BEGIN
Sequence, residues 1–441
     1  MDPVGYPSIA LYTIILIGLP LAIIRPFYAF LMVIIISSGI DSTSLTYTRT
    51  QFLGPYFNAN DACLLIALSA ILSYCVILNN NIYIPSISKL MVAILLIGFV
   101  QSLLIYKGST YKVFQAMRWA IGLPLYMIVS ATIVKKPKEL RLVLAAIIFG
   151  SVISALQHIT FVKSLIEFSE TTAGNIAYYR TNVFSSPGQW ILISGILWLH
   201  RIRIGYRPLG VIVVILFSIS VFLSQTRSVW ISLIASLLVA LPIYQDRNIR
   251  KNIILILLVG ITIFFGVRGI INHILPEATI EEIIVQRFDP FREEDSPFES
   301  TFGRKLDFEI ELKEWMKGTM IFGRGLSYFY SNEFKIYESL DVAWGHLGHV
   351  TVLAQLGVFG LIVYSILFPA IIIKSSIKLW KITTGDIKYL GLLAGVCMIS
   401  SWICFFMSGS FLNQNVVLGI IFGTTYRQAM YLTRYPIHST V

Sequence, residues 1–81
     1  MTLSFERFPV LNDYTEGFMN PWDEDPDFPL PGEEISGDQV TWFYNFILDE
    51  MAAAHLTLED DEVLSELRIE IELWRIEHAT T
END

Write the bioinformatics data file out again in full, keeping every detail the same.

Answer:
Sequence, residues 1–441
     1  MDPVGYPSIA LYTIILIGLP LAIIRPFYAF LMVIIISSGI DSTSLTYTRT
    51  QFLGPYFNAN DACLLIALSA ILSYCVILNN NIYIPSISKL MVAILLIGFV
   101  QSLLIYKGST YKVFQAMRWA IGLPLYMIVS ATIVKKPKEL RLVLAAIIFG
   151  SVISALQHIT FVKSLIEFSE TTAGNIAYYR TNVFSSPGQW ILISGILWLH
   201  RIRIGYRPLG VIVVILFSIS VFLSQTRSVW ISLIASLLVA LPIYQDRNIR
   251  KNIILILLVG ITIFFGVRGI INHILPEATI EEIIVQRFDP FREEDSPFES
   301  TFGRKLDFEI ELKEWMKGTM IFGRGLSYFY SNEFKIYESL DVAWGHLGHV
   351  TVLAQLGVFG LIVYSILFPA IIIKSSIKLW KITTGDIKYL GLLAGVCMIS
   401  SWICFFMSGS FLNQNVVLGI IFGTTYRQAM YLTRYPIHST V

Sequence, residues 1–81
     1  MTLSFERFPV LNDYTEGFMN PWDEDPDFPL PGEEISGDQV TWFYNFILDE
    51  MAAAHLTLED DEVLSELRIE IELWRIEHAT T